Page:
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Dragonflies and Damselflies: Odonata - Forest Giant (megaloprepus Caerulatus): Species Accounts

Animal Life ResourceInsects and SpidersDragonflies and Damselflies: Odonata - Physical Characteristics, Behavior And Reproduction, Dragonflies And Damselflies And People, Conservation Status, Wandering Glider (pantala Flavescens): Species Accounts - GEOGRAPHIC RANGE, HABITAT, DIET

FOREST GIANT (Megaloprepus caerulatus): SPECIES ACCOUNTS

Physical characteristics: This is the largest damselfly in the world, with a wingspan of 6.4 inches (162.6 millimeters) and a body length of 4 inches (101.6 millimeters). Their wings have a wide, dark blue band. The males are larger than the females and have a white patch before the blue band and the glassy wingtip. The females are shorter, with only white patches on their wingtips.

Geographic range: The forest giant lives in the rainforests of Central and South America, from Mexico to Bolivia.

The largest damselfly in the world, the forest giant has a wingspan of 6.4 inches (162.6 millimeters) and a body length of 4 inches (101.6 millimeters). (Illustration by Jacqueline Mahannah. Reproduced by permission.)

Habitat: The larvae breed in water that collects at the bases of plants growing on the limbs of rainforest trees. Adults prefer sunlit gaps or clearings in the forest.

Diet: The adults are specialist hunters. They search for spiders and pluck them from their webs. Occasionally, they feed on the spider's own prey, which is wrapped in silk. The larvae feed on mosquito and fly larvae and small crustaceans (krus-TAY-shuns), animals that live in water and have soft, segmented bodies covered by a hard shell. They also eat tadpoles and the larvae of other species of damselflies.

Behavior and reproduction: Because their special breeding sites are scattered throughout the forest, these insects are never abundant at any given place or time. In an open forest gap, a territorial male uses a slow wing beat to appear as a pulsating, rhythmically beating, blue-and-white beacon to possible mates and to competing males. The male aggressively defends a particular tree hole for up to three months. After mating, the female uses her long abdomen to lay her eggs inside tree holes filled with water.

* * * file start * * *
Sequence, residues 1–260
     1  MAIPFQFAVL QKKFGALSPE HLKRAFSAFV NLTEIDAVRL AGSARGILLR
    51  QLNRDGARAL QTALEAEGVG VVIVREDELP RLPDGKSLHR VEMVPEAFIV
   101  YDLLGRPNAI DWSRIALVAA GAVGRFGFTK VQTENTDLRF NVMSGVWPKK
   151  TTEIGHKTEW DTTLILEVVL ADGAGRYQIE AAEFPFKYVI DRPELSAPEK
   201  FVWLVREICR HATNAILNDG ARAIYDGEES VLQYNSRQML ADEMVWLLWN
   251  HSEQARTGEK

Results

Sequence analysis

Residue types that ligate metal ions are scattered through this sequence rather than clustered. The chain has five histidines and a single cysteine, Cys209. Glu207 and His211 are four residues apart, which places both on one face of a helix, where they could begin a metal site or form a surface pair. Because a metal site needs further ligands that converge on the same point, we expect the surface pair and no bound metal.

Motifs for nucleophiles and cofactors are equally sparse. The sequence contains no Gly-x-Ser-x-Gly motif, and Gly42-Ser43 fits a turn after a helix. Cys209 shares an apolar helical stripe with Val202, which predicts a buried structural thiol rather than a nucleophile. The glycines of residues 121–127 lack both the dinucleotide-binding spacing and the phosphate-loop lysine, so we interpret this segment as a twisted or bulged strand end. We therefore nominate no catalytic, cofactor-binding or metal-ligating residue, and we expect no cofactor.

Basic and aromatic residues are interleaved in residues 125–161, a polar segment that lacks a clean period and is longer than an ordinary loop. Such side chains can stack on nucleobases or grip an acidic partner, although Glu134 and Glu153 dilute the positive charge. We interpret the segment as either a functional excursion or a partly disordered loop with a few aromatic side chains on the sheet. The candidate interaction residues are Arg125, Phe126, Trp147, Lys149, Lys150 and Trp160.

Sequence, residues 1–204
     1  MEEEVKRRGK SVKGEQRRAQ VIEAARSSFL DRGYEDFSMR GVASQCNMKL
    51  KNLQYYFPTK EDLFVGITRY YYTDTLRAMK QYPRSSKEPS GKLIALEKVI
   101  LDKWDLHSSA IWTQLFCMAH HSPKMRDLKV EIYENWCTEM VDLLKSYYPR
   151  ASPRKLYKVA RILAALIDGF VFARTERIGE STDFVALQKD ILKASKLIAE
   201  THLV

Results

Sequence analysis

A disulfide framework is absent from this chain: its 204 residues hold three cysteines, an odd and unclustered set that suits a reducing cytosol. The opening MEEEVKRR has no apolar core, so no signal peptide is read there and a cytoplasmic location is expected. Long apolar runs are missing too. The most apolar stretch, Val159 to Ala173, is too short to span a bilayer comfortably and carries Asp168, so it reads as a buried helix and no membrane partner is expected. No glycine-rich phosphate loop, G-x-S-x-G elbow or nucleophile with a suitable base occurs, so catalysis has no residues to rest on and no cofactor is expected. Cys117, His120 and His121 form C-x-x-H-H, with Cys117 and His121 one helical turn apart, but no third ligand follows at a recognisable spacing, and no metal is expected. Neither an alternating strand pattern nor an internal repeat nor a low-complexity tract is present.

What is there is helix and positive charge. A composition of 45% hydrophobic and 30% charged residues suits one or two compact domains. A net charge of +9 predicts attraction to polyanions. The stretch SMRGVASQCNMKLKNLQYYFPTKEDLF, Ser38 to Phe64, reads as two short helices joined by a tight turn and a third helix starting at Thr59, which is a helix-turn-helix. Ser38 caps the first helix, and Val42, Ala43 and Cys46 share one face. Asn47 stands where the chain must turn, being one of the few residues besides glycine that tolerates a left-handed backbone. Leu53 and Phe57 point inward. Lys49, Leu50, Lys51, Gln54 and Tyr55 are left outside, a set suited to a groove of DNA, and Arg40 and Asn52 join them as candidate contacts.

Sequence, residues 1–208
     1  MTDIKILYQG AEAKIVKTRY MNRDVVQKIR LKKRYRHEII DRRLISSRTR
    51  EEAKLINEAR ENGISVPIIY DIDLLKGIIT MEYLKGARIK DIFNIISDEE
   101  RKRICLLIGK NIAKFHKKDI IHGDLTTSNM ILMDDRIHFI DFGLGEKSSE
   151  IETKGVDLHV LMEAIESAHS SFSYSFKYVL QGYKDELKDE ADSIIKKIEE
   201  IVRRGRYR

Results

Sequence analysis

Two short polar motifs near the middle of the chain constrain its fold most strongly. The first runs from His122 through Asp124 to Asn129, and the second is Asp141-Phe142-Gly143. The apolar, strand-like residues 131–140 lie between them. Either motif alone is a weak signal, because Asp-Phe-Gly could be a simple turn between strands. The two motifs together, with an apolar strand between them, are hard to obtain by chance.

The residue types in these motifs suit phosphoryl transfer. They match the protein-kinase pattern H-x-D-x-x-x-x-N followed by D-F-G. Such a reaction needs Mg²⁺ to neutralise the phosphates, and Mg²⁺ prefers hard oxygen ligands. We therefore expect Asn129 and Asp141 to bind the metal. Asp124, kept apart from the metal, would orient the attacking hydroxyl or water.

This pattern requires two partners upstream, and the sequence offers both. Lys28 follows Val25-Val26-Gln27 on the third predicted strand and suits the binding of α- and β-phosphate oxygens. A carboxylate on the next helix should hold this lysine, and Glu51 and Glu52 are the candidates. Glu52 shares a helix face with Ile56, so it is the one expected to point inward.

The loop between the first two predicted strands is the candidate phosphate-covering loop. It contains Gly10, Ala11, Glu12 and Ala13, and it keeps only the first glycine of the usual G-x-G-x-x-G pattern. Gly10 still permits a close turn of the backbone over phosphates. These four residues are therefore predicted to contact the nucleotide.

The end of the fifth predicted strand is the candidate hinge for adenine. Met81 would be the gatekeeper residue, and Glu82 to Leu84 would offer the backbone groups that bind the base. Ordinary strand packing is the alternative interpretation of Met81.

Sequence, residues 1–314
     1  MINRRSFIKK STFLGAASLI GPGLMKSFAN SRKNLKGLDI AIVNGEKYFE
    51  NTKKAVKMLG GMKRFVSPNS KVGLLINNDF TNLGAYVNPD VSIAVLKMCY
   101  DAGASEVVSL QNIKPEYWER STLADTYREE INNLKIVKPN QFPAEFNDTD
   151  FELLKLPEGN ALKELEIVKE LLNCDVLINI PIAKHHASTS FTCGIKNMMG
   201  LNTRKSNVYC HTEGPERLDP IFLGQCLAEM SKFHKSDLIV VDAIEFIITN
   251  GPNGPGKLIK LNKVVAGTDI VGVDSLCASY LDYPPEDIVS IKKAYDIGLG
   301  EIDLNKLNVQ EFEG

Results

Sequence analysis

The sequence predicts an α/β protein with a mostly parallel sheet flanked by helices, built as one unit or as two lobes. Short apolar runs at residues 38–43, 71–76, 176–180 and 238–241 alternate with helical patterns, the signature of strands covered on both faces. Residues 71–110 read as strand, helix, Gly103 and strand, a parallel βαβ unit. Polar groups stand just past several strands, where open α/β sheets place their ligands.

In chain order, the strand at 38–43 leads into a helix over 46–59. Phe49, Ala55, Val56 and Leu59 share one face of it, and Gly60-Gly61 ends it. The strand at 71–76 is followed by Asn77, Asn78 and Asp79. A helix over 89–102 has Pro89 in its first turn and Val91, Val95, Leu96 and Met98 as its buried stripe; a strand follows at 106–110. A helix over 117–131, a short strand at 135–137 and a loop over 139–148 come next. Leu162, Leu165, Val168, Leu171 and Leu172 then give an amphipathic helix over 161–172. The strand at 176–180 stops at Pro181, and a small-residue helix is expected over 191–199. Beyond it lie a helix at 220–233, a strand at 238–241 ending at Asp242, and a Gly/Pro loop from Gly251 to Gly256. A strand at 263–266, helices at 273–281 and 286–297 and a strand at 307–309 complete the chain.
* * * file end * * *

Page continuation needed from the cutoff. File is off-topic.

Forest giants and people: This species is not known to affect people or their activities.

Conservation status: This species is not endangered or threatened. ∎



Biggs, K. Common Dragonflies of the Southwest: A Beginner's Pocket Guide. Sebastopol, CA: Azalea Publishing, 2004.

Dunkle, S. W. Damselflies of Florida, Bermuda, and the Bahamas. Gainesville, FL: Scientific Publishers Nature Guide, 1990.

Dunkle, S. W. Dragonflies through Binoculars: A Field Guide to Dragonflies of North America. New York: Oxford University Press, 2000.

Lam, E. Damselflies of the Northeast. Forest Hills, NY: Biodiversity Books, 2004.

Nikula, Blair, Jackie Sones, Don Stokes, and Lillian Stokes. Stokes Beginner's Guide to Dragonflies. Boston: Little, Brown, 2002.

Silsby, J. Dragonflies of the World. Washington, DC: Smithsonain Institution Press, 2001.

Web sites:

"Critter Catalog: Dragonflies." BioKids. http://www.biokids.umich.edu/critters/information/Anisoptera.html (accessed on September 7 2004).

"Dragonflies and Damselflies." Odonata Information Network. http://www.afn.org/iori/ (accessed on September 7, 2004).

"Odonata: Dragonflies, Damselflies." Ecowatch. http://www.ento.csiro.au/Ecowatch/Insects_Invertebrates/odonata.htm (accessed on September 7, 2004).

"Resources for Learning More about Dragonflies." Ode News. http://www.odenews.net/resources.htm (accessed on September 7, 2004).

Other sources:

Walton, R. K., and R. A. Forster. Common Dragonflies of the Northeast. Concord, MA: Natural History Services, 1997. Videotape.

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